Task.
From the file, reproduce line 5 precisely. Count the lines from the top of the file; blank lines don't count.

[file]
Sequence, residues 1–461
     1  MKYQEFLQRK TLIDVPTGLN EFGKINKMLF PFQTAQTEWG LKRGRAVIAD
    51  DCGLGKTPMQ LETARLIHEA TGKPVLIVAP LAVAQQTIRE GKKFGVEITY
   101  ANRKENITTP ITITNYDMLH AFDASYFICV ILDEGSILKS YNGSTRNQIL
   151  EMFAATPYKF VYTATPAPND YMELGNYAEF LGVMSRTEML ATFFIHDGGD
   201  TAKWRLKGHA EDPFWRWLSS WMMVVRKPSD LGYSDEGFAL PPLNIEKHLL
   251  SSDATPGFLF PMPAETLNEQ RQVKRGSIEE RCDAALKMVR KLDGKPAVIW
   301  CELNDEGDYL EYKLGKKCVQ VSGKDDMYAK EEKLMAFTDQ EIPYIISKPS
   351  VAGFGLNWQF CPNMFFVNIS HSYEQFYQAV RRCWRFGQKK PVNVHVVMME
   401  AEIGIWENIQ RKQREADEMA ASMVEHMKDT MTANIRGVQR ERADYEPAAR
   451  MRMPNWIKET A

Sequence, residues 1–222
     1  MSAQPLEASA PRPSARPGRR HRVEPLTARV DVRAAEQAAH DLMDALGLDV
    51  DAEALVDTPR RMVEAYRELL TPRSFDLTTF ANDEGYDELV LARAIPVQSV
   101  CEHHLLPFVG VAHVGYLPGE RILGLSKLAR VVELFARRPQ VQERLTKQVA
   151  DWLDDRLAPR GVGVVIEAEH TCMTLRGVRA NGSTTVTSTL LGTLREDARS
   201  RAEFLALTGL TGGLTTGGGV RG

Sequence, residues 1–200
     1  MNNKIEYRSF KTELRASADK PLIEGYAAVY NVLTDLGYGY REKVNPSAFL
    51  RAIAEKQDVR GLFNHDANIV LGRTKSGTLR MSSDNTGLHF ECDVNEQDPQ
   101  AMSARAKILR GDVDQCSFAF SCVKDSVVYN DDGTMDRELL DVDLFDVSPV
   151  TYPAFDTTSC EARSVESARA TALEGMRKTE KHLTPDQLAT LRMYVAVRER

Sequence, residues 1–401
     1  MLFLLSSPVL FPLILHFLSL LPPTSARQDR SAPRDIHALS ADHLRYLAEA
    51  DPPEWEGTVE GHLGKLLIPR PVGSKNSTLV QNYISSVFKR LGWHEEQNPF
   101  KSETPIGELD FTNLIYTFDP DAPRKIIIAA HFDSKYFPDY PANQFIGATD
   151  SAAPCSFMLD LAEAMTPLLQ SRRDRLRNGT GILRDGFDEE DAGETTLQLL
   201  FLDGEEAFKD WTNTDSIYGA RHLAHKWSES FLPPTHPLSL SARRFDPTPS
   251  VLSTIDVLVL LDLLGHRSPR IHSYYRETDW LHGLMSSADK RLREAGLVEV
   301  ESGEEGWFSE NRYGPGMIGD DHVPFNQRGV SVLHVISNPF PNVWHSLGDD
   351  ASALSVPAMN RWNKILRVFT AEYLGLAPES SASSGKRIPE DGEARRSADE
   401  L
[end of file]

   151  EMFAATPYKF VYTATPAPND YMELGNYAEF LGVMSRTEML ATFFIHDGGD